Angels keeping guard over Australian ICT innovation

 

As the Federal Government plans for the future with an upcoming review on national innovation, a group of dedicated investors want to lend their own expertise to ensure the growth of Australian ideas truly stay down under.

The Australian Association of Angel Investors (AAAI) is submitting suggestions to the New Innovation Review to help the government better assist small and medium enterprise (SME). Although SMEs may seem to stand in the shadow of larger corporate businesses, AAAI sees these small businesses as the backbone of improving Australian innovation.

"We really see SME as the engine room of Australia's economy,” said AAAI deputy chairman Jordan Green. “They account for 50 percent of Australian jobs and 75 percent of job growth. We think making even small changes in SME is how you make big changes for Australia."

Angel investors are private individuals who invest their own money and time into high growth companies. Many times, they are people who have found their own success in business ventures and want to share their knowledge and experience.

One of the most vital aspects of innovation lies in the ICT sector, which many angels find an attractive area, usually because of their own backgrounds.

“You invest in what you know, and many of us have a background in technology,” Green said. “And it’s also where the world is right now, so those types of businesses tend to make more money.”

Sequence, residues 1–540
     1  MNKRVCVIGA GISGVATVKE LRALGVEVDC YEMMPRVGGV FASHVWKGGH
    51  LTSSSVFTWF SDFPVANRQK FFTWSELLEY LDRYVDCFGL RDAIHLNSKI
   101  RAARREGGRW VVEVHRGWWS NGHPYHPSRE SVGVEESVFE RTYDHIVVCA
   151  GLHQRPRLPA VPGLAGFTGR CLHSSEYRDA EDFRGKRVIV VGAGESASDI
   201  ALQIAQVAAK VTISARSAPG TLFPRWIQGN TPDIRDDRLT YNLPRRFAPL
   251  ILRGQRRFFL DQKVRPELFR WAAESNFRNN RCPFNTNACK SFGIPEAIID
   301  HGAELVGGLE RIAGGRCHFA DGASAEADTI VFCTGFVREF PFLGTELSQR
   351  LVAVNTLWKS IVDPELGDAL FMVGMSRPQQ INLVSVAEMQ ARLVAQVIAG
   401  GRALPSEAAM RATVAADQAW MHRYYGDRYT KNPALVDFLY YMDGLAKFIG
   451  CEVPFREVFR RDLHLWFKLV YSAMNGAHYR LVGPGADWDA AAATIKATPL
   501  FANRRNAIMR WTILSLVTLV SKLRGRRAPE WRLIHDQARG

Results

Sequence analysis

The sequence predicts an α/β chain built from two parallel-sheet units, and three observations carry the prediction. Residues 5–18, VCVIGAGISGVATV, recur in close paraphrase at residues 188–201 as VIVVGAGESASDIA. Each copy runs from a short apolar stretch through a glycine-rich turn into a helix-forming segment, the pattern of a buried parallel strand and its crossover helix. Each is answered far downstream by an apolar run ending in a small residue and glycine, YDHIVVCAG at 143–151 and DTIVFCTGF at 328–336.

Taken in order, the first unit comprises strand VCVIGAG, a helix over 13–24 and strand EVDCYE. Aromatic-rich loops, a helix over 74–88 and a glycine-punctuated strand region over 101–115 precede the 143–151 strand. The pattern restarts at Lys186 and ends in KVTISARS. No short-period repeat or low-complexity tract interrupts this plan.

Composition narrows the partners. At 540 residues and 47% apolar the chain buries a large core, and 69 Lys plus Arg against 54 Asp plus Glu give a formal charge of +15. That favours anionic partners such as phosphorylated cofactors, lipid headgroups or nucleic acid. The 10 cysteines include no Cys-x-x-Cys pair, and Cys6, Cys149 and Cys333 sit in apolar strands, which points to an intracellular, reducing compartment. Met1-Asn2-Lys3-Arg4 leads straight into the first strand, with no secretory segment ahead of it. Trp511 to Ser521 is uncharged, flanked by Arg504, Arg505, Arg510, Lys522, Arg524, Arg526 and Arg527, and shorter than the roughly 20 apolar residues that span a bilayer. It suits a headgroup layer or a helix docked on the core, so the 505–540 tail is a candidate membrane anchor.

Helping the government create an environment where Australian-made technology can stay and grow at home is a chief concern for the group.

"In the past a scientist might develop and demonstrate a design, but have no funding to keep it in Australia and have to sell it overseas in larger markets like the U.S. or Europe," Green said. "We need to have an ecosystem here that takes those early ideas and fosters them into viable businesses."

As for the immediate future, the AAAI wants the government to recognise the value that smaller enterprises have for Australian innovation and how financial support and mentorship from men and women like angel investors can make a world of difference to young businesses.

“This review is a very rare opportunity to restate the government’s approach to an important part of the community, and we hope to work with the government on improving Australian innovation,” Green said.

Angels keeping guard over Australian ICT innovation
 
 
 
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